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Retiring Warren chief expects improvements in department culture to continue

By Ed Runyan

Friday, June 7, 2013

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Photo by: Ed Runyan

Tim Bowers, Warren police chief, makes a point during an interview at his office at the Warren Police Department. Bowers retires this month after 35 years as a police officer, four years as chief.

By Ed Runyan


Tim Bowers has been police chief for only four years, but the last decade of his 35 years as a cop have put him in a position to help mold the “culture” of the Warren Police Department.

That culture came under scrutiny in 2003 when members of the community complained of harassment by some in the department, including improper strip searches and excessive force.

This led to an investigation by the U.S. Justice Department that found the department was guilty of unconstitutional policing through improper use of force.

Years of training followed, much of it overseen by Bowers, who was a captain for nine years under Police Chief John Mandopoulos. Captain is the top rank below chief.

A formal agreement between the city and the Justice Department, filed in U.S. District Court in Youngstown in January 2012, laid out the expectations for how the department should operate to ensure the safety and rights of its citizens.

In the 16 months since, Bowers has focused on implementation of an early-intervention and risk-management system to identify behavioral problems among officers, and to train officers to find ways to de-escalate confrontational situations.

Bowers, who retires June 17, said he believes Capt. Eric Merkel, who already is serving as police chief for the most part, will continue the changes.

“I believe we are right now in the middle of a cultural shift. This stuff doesn’t happen overnight,” Bowers said.

“It doesn’t happen in four years. We’re in the middle of getting this battleship turned into the right direction,” he said.

Bowers said he believes Merkel, who is in the management position Bowers had before Bowers became chief, will continue to modernize the department’s understanding of its mission.

“I’m confident he’ll do a good job. He’s educated, he’s trained, and he understands the cultural change we’re going through. I think he’ll continue this turn to get us back on the track we need to be on.”

Bowers said some ways he educated himself were to join the International Chiefs of Police, Ohio Chiefs of Police, Mahoning Valley Chiefs of Police and Trumbull County Chiefs of Police.

“We were behind the eight ball. We hadn’t advanced with the philosophy of today, like community policing. We didn’t embrace that concept like other departments did,” Bowers said of the problems the department encountered a decade ago.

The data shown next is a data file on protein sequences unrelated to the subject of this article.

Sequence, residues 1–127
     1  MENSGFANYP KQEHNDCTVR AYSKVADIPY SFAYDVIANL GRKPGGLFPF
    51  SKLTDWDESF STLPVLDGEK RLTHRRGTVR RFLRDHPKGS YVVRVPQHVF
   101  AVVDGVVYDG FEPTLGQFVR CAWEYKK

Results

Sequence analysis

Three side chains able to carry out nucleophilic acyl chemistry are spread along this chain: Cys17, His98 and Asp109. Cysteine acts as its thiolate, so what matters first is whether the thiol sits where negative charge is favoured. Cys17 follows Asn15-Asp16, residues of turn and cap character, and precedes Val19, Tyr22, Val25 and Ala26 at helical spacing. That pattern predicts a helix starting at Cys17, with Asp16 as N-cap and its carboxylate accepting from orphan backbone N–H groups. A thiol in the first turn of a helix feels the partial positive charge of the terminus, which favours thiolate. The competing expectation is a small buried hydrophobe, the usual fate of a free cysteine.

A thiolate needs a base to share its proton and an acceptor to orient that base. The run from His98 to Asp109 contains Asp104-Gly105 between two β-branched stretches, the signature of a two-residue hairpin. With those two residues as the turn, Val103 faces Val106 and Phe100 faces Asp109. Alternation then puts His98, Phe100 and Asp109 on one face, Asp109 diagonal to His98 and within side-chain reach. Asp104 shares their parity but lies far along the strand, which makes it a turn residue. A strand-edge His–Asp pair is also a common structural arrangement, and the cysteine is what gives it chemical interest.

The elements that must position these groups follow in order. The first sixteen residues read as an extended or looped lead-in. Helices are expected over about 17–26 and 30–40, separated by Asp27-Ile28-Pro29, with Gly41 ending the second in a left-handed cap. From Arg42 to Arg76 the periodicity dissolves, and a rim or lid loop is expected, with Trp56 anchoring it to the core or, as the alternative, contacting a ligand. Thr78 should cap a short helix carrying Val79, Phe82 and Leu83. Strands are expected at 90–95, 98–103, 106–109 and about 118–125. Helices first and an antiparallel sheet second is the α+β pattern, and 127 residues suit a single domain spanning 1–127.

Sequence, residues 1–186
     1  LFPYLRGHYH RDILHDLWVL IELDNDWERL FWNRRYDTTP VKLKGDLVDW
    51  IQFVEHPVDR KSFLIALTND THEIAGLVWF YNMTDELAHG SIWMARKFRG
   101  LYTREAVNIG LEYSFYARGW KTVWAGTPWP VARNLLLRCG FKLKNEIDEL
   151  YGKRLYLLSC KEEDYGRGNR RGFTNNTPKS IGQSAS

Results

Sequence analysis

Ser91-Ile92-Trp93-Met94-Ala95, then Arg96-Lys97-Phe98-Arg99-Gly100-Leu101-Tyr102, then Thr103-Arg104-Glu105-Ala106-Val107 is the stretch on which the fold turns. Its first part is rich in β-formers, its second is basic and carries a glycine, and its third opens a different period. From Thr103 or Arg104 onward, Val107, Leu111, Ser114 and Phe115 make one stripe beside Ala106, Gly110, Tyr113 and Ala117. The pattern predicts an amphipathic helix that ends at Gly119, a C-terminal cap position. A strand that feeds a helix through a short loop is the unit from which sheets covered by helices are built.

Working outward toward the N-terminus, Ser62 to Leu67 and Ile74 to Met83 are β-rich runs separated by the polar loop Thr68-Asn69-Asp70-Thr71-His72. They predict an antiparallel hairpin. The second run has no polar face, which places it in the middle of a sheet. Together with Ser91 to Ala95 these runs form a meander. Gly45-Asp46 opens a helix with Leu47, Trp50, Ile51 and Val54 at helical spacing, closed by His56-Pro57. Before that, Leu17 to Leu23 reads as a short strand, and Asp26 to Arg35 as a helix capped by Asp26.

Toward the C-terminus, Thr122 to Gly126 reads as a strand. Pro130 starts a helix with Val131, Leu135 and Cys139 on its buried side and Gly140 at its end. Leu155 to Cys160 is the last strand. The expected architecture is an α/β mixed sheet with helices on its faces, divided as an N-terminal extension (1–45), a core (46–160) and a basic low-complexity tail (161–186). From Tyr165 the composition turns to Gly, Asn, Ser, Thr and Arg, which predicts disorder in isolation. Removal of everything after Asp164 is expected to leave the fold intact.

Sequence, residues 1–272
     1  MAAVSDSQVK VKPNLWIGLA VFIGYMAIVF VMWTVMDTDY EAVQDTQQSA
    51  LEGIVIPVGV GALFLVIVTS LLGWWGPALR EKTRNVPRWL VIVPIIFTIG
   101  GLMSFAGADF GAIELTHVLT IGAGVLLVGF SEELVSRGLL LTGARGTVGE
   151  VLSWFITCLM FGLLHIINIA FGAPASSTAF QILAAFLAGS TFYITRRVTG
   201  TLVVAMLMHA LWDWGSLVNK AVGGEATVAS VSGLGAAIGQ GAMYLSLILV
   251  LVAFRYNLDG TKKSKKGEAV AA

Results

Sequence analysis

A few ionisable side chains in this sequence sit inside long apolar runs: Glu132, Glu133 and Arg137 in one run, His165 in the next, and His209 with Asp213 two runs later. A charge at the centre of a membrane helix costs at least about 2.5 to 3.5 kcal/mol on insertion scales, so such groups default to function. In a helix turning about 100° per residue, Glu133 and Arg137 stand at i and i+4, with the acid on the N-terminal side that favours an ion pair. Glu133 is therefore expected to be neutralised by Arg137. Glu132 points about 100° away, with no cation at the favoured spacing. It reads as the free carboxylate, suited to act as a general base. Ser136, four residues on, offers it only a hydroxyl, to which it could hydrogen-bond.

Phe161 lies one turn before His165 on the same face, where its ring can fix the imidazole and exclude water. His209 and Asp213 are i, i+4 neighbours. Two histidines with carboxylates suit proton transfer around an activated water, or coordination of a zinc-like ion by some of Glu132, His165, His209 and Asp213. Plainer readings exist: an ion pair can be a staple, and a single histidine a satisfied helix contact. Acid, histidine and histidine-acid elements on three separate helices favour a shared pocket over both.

Community policing involves forming relationships between the police department and the community it serves. Bowers said the opposite of community policing is the philosophy the department once had — “We’re the police, and you’re not.”

Bowers said he considers it a serious issue that the Justice Department found the department guilty of unconstitutional policing.

“We’ve all taken an oath to uphold the Constitution, and here’s a federal agency that says this department as a whole is guilty of unconstitutional policing. Does that mean we’ve all violated our oath?

“And I set out to assure that every man and woman in this department understands that they did take an oath and that it is a serious matter,” Bowers said.

He has tried to improve the professionalism of the department by treating officers as professionals, by giving them the best police cars, training and equipment, such as video and audio recorders, and expecting a high level of professionalism from them.

“There has been more discipline in the last four years than ever in the history of this department,” he said, adding that discipline doesn’t always mean punishment.

“Bad behavior wasn’t ignored any longer,” he said. “Eliminating unacceptable behavior has probably been my biggest challenge.”

As for de-escalating confrontational situations, it has meant that officers who might have wanted to forge “full speed ahead” in the past will “take a deep breath, step back, get help, communicate. It was never really taught before. It is now, and it’s mandated now,” Bowers said.

The result is fewer situations in which the officers and the public are placed in danger.

Bowers said he has no specific plans for his retirement, but he’s too young to quit working.

“I know I’ll continue my endeavors in law enforcement in some fashion somewhere.”